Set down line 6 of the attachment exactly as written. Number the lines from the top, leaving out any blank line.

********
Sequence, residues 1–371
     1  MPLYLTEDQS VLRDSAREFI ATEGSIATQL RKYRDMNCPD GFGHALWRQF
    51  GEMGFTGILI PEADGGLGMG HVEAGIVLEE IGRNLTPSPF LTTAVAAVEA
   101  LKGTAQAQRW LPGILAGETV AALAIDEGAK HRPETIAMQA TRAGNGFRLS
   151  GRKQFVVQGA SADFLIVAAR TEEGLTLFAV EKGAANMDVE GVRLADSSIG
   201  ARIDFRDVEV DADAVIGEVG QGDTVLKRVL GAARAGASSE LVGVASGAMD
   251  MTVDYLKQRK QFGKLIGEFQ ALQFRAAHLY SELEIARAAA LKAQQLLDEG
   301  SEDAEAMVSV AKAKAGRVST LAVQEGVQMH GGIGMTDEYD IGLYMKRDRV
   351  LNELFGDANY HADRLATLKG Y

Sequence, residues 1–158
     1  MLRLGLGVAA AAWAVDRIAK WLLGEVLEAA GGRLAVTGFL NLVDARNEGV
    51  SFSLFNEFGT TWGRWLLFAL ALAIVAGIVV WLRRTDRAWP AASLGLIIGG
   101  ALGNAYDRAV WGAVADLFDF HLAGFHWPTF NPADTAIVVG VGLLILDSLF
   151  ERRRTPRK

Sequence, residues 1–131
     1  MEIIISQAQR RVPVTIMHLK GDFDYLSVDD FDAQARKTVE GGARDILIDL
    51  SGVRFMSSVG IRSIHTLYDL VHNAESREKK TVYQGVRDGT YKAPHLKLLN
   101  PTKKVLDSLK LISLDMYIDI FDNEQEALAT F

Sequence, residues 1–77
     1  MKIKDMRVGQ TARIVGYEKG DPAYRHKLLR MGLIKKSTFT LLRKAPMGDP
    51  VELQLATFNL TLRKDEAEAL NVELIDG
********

   201  ARIDFRDVEV DADAVIGEVG QGDTVLKRVL GAARAGASSE LVGVASGAMD